In the telegraph room was a smaller cast iron stove, and the doors had to be kept open to help knock down the draft and I had seen them red hot in winter at times.  The room often was full of acrid gassy smoke that could make you cough gasping for fresh air.  There were built in benches to the south and west.  The entrance door faced the tracks to the east.  On the ends of this depot were white letters “ELY”.  A long ladder stood next to the north end and held in place by tilting the ladder and pushing it up straight.  The entrance to the second floor was by the outside steps.  The freight room with a pair of scales was to the north and a door at both south and east.  We kids often weighed ourselves there on the scales and looking somewhat wishfully at the candy buckets and boxes, also the sacks of peanuts.  The smell was quite pleasant there.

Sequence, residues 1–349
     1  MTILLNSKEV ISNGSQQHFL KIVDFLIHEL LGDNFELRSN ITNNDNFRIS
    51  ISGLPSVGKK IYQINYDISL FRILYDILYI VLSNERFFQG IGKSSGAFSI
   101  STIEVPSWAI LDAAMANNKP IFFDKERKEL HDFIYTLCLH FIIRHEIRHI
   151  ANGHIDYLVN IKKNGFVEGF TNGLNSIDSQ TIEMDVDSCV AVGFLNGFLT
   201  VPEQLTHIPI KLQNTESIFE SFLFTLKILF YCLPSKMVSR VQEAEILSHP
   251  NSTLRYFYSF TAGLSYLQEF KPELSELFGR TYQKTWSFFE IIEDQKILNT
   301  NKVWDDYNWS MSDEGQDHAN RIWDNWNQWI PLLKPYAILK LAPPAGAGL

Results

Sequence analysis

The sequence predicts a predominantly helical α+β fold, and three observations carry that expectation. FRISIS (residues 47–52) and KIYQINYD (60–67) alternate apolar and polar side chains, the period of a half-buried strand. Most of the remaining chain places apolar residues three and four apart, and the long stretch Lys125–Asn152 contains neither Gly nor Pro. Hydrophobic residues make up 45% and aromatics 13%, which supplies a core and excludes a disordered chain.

About 1911, looking west.
The plank platform was on blocks of timber to make it easier for people to board the passenger cars and this platform was all around the depot and extended 40 or 50 feet each way from the front part of the depot where the windows were built out so the telegrapher could see both down the tracks and also up.

A double latrine of same color was set up a little to the west of the depot, men to the west and ladies to the east with the lettering over the doors.

At this time no homes were as yet built east of the tracks, which consisted of the main line. A two switch tracks, and there was also a switch track to the west of the depot.  Just a few rods north from the depot was a wooden water tank where the engines refilled the water tanks of the engine.  The coal was in the center easy to get at by the fireman with his big scoop.

Looking toward Dows Street.